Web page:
We ignore Big Tech censorship at our peril

The glee of seeing Trump banned has blinded left-wingers to the threat posed by Silicon Valley.

Andrew Doyle

Andrew Doyle

Topics Free Speech Politics Science & Tech

The greatest trick of authoritarians is to convince their subjects to rejoice in their own subjugation. Over the past week we have seen self-proclaimed ‘leftists’ cheering on multi-billion dollar corporations as they ratchet up their policies on censorship and their determination to control the parameters of acceptable thought and speech. The strength of feeling against Donald Trump – entirely understandable, of course – has meant that his permanent ban from all major social-media platforms is being treated as a victory for progressive values. The instinctive sense of satisfaction that comes from seeing one’s enemy silenced has blinded many to the broader picture. These are the imbeciles that stare at the finger as the wise man points at the moon.

Anyone who has spent any time wading through the quagmire that is Twitter in recent days will be accustomed to the usual mantras – ‘Twitter is a private company and can do whatever it wants’, ‘Trump violated the terms of service’, ‘Trump was inciting violence’, ‘censorship can only be enacted by the state’ – all of which have been deployed as a means to justify an indulgence in Schadenfreude. As a vocal critic of Trump, it would be very easy for me to join the chorus of approval and extend my congratulations to Jack Dorsey and Mark Zuckerberg for taking a stand against a president whose behaviour has been anything but presidential. Yet to do so would be self-defeating. Big Tech censorship is set to be one of the most important issues of our time, and those of us who still care about our liberties are right to be vigilant.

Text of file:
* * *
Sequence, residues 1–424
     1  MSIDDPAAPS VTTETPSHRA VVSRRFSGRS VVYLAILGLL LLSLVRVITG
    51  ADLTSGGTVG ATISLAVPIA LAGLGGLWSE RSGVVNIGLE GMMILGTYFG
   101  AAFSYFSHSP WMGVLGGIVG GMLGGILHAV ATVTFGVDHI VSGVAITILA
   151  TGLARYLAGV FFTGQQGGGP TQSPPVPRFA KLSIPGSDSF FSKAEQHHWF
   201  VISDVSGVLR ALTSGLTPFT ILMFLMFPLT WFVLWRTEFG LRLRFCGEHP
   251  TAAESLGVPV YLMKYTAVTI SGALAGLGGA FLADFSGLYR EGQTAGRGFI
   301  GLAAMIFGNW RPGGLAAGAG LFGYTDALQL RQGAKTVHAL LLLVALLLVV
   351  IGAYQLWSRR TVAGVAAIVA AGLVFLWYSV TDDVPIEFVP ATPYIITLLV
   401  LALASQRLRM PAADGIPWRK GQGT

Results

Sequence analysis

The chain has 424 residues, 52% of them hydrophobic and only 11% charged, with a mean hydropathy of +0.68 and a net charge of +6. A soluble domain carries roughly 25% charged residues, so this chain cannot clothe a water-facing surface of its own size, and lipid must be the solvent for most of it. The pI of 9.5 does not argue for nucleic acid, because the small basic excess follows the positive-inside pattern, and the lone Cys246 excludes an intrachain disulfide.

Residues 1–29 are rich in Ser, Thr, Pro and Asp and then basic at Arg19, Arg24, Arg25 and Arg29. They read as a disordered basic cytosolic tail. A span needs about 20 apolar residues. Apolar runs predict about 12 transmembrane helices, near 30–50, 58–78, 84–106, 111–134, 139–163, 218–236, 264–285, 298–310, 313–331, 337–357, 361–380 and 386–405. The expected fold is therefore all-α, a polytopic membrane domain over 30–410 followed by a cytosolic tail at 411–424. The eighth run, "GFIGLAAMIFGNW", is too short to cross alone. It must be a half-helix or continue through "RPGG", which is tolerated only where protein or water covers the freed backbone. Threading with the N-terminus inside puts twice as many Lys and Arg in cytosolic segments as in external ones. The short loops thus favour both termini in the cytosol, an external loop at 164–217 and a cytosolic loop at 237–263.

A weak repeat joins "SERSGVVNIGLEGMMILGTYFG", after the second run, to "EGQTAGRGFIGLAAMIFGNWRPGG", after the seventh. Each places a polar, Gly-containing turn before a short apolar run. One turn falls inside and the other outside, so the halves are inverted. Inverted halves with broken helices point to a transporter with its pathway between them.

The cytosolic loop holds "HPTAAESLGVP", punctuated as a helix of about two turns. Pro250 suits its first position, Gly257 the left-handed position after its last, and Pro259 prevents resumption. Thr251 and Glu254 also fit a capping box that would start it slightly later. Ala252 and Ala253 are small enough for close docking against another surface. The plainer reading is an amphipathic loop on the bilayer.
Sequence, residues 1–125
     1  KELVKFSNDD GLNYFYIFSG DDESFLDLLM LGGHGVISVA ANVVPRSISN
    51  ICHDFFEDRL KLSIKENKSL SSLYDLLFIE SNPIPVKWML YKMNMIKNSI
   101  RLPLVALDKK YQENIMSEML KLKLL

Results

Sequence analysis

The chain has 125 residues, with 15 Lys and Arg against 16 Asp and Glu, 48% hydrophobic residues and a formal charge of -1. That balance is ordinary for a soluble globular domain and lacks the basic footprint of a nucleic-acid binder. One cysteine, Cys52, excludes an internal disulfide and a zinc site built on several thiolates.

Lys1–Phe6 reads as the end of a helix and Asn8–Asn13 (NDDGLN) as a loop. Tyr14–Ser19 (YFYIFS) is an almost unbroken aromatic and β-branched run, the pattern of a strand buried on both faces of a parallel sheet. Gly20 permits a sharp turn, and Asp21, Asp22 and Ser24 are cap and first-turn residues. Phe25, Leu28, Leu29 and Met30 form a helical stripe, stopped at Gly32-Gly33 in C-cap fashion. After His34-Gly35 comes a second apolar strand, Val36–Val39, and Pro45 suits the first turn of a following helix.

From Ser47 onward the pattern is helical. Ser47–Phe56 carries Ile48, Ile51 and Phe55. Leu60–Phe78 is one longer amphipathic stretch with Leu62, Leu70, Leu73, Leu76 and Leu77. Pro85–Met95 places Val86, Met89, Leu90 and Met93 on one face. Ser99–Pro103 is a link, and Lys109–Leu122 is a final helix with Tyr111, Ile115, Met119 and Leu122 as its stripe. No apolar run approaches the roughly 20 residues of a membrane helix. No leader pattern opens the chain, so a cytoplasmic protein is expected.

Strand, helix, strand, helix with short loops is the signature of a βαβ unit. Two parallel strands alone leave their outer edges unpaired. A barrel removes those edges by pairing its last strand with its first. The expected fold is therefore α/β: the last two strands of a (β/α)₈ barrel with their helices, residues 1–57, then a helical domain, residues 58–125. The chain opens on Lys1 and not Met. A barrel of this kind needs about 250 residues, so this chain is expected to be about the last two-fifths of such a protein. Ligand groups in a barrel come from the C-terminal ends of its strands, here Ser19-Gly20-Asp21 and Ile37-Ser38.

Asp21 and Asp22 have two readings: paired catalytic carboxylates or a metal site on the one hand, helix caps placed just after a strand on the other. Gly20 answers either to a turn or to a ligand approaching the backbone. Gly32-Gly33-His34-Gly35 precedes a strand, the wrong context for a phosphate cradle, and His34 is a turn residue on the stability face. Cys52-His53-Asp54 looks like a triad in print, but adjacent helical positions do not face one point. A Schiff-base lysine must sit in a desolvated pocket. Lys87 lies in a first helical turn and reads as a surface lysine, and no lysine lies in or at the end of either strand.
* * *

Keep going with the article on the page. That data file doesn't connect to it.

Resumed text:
Let us consider the misconceptions one by one. The tech giants of Silicon Valley operate a collective oligopoly over the equivalent of the modern-day public square. Social media is not only the predominant forum for political and cultural discourse, it is often the testing ground for ideas that later become governmental policy. Through these platforms, politicians are able to gauge the public mood and respond accordingly. To take one example out of thousands, the way in which Critical Race Theory has successfully transformed from being a niche and widely contested academic pursuit to forming the basis of mainstream educational and managerial practice has been largely due to the influence of social media.

These kinds of corporate oligopolies are precisely the reason why antitrust legislation exists in an open-market economy. There is broad recognition that private companies are likely to exploit consumers when there are no competitive alternatives. The way in which the tech giants have coordinated to prevent users from accessing Parler, a rival platform established in 2018, demonstrates that they are willing to go to any lengths to ensure that their dominance of the market is absolute. This has been justified by the fact that certain accounts on Parler have openly called for violence, and that the company has failed to remove such content, although the same could be said for Twitter itself. For instance, in spite of numerous complaints by human-rights campaigners, Twitter has not removed a post by Ali Khamenei, the Supreme Leader of Iran, calling for the wholesale eradication of Israel. The site’s ‘terms of service’ are so inconsistently administered as to be virtually meaningless.